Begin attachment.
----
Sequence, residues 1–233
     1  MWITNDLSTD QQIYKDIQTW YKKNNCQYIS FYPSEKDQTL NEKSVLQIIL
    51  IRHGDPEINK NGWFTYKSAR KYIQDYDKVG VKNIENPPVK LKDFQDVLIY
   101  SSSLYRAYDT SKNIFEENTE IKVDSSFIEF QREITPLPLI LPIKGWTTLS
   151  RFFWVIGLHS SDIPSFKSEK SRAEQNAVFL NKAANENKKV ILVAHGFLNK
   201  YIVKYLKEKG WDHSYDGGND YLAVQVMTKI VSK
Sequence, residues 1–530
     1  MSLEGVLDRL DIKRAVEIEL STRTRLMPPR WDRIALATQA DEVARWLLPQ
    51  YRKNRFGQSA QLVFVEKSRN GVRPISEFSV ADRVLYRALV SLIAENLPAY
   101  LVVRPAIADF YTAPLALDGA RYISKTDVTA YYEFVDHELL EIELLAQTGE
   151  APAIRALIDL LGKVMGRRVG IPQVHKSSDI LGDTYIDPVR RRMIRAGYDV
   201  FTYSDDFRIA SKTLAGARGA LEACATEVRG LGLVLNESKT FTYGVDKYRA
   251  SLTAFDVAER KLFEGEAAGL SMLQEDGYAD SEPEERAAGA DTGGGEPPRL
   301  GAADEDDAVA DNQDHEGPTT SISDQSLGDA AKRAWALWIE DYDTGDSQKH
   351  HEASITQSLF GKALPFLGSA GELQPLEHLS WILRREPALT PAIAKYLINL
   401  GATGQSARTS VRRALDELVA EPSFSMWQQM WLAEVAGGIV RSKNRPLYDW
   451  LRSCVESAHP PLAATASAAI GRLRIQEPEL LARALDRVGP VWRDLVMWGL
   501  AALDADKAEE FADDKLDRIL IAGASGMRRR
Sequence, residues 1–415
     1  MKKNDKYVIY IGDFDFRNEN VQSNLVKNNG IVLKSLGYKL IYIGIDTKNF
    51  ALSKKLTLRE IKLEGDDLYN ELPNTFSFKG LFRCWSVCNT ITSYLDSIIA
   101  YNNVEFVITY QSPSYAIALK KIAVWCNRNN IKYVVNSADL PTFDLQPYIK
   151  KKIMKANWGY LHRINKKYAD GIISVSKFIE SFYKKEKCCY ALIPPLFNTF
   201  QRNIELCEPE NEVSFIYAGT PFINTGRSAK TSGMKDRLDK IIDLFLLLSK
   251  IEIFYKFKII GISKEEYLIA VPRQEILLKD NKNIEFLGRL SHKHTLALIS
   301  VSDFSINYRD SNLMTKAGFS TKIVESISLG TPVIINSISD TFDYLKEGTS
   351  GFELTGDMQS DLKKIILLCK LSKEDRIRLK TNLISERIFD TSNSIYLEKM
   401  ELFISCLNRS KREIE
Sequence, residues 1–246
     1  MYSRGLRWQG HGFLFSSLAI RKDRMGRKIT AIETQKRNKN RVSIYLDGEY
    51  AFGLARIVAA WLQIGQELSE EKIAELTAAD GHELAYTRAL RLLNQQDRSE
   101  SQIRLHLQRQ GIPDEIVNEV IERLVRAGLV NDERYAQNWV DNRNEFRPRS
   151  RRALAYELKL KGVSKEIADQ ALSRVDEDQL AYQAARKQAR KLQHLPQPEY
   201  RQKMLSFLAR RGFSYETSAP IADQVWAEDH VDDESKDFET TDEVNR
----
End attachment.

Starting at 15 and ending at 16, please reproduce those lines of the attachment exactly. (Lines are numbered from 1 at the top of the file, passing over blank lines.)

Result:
   351  HEASITQSLF GKALPFLGSA GELQPLEHLS WILRREPALT PAIAKYLINL
   401  GATGQSARTS VRRALDELVA EPSFSMWQQM WLAEVAGGIV RSKNRPLYDW